Despite yet another record year of Australian vehicle sales, electric and hybrid vehicles barely bothered the scorer. And in fact, except for hybrid SUVs, were dramatically down on 2014 sales.
In a passenger car market (including SUVs, but excluding LCVs, twin-cab utes, etc.) of 752,406 sales, EV and hybrid sales totalled a dismal 13,246 units, most of which were hybrids, 12,138 units.
This is just 1.76 percent of the passenger car and SUV market, and a barely relevant 1.15 percent of the total market of 1,155,408 vehicle sales.
And of these sales, the lion’s share was in Government and business purchases - 8289 sales – or just 2.12 percent of total Government, business and rental sales of 390,540.
So what’s going wrong here? In fact, if there was any indicator of the lip-service of Government and industry to a commitment to CO2 reduction, these figures are that indicator.
It is also an indicator of the disinterest of consumers in adopting these technologies despite ready and available access to ‘green’ renewable energy for charging (via the connected grid operating across state jurisdictions) and despite the intensity of the community debate on global warming and climate change.
On this matter, the FCAI’s chief executive, Tony Weber, and Toyota executive director of sales and marketing, Tony Cramb (Toyota and Lexus totally dominate hybrid sales in Australia), are in agreement, that a “whole of Government approach” is needed, and that infrastructure is the key.
“Part of the issue with electric vehicles is infrastructure; it’s one thing to give support to the purchase of the vehicle, but there has got to be support to the development of infrastructure,” Tony Cramb told TMR.
“It’s the same with hydrogen vehicles; for hydrogen vehicle infrastructure to be put in place we’d be very supportive of that, very supportive of government making moves in this area,” he said.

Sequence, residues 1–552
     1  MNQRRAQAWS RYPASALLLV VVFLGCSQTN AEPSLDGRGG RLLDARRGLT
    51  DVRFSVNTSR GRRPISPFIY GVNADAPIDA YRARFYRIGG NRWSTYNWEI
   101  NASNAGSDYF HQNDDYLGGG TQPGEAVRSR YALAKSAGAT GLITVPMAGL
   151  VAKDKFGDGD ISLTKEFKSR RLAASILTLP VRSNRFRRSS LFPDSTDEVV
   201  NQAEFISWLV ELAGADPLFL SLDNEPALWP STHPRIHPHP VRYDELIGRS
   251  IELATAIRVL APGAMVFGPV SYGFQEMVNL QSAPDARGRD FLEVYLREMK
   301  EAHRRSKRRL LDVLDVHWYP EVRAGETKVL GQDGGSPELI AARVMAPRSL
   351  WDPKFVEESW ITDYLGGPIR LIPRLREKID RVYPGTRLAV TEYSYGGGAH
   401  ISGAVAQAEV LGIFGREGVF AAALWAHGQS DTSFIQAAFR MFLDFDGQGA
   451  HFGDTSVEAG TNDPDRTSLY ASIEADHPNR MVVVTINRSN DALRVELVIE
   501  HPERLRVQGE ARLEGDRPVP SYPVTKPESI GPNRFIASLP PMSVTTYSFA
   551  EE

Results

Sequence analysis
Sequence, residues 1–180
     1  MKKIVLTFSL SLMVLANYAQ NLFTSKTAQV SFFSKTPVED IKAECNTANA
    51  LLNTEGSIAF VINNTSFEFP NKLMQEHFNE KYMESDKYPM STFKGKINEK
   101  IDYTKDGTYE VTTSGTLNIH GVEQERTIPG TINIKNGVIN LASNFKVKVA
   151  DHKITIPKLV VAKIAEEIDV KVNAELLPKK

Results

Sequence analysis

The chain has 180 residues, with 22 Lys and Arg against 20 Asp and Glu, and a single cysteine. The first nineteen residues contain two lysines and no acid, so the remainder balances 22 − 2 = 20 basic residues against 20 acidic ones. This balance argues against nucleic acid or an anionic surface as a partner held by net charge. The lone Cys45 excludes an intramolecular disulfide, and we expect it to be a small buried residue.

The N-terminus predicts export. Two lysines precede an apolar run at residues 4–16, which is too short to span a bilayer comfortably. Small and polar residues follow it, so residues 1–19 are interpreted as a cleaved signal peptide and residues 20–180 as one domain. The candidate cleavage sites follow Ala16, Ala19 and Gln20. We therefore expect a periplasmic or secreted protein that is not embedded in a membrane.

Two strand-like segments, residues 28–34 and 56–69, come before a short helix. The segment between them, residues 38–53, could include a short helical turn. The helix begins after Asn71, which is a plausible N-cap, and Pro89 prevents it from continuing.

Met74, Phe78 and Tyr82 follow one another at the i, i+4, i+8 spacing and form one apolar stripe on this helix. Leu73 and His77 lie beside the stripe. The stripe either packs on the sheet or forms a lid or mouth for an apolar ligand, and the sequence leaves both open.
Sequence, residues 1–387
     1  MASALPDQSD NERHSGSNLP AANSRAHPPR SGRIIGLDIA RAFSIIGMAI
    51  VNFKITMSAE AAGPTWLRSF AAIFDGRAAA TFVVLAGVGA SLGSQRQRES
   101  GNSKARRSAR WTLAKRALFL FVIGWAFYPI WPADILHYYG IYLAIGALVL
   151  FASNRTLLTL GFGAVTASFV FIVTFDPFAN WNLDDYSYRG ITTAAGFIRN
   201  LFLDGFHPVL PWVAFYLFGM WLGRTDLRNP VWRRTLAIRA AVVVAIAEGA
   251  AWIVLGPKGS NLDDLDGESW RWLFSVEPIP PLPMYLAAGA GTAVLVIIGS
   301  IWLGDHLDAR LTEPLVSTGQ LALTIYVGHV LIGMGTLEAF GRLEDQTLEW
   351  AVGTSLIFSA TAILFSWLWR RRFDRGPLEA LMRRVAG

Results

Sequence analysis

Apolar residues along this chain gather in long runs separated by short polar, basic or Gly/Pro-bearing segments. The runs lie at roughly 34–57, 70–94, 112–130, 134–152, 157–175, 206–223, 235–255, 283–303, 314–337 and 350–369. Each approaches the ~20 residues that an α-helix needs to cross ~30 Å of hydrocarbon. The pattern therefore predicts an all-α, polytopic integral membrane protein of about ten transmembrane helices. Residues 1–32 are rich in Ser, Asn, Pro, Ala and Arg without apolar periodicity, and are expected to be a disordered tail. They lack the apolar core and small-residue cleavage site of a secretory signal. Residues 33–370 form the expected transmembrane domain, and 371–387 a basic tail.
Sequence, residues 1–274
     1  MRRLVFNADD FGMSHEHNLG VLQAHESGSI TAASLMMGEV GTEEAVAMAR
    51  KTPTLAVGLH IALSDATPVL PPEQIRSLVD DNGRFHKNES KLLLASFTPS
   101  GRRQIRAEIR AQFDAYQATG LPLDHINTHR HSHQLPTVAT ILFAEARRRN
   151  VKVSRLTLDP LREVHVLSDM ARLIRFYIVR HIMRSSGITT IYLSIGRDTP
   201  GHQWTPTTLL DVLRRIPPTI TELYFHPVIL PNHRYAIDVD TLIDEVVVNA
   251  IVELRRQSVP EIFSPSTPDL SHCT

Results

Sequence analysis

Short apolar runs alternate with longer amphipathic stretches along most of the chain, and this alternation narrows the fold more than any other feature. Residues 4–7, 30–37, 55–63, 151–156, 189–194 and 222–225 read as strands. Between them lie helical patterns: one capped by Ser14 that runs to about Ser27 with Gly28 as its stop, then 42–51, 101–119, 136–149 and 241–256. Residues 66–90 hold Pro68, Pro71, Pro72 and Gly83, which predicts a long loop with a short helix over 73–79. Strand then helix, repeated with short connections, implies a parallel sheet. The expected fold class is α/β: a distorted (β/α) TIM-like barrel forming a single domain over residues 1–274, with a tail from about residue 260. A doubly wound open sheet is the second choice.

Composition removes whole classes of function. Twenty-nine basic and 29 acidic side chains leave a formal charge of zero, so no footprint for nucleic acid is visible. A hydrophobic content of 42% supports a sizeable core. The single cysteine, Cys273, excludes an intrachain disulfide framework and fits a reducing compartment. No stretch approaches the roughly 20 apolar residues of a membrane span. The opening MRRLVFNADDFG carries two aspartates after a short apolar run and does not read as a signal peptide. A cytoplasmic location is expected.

It was not, Mr Cramb said, something a “single manufacturer can do”.
Infrastructure, for transport that works
FCAI chief executive Tony Weber points to the efforts and success of the automotive industry in reducing CO2 emissions from the Australian vehicle fleet, a reduction of 2.4 percent per annum for each year over the past decade, but said the industry “cannot continue to run faster and faster (on this rate of emissions performance)”.
“That’s why we say to the Government there needs to be a whole of Government approach that picks up vehicle technology, quality of the fuel, alternative fuel platforms, and energy platforms,” Mr Weber said.
“Infrastructure improvements are critical,” he said.
“You do not get the enormous gains that are potentially out there, unless there is a contribution from the government, and a change in the environment.
“That includes things like refuelling stations. You need to have transport that works for people and therefore you need the infrastructure in all its many guises in place to make it work,” Mr Webber said.
Buyer incentives part of the debate
He also called for support for buyers of low-emission vehicles through incentives, such as exists in many of Australia’s trading partners and in similar developed economies.
“Pricing is an issue. Other countries give advantage to those people who purchase environmentally friendly vehicles; we don’t have those initiatives here. If you want to make a big step forward, you need to consider that, and Government needs to put those in place,” he said.
“I think the debate hasn’t matured in this country as far as it has in some other countries. This is what we (FCAI) are going to go through in 2016, to have the entirety of the debate with Government, and also with the states and territories. And you need to put all of these elements on the table.
“But I do support some government assistance to encourage people into more environmentally friendly options,” Mr Weber said.
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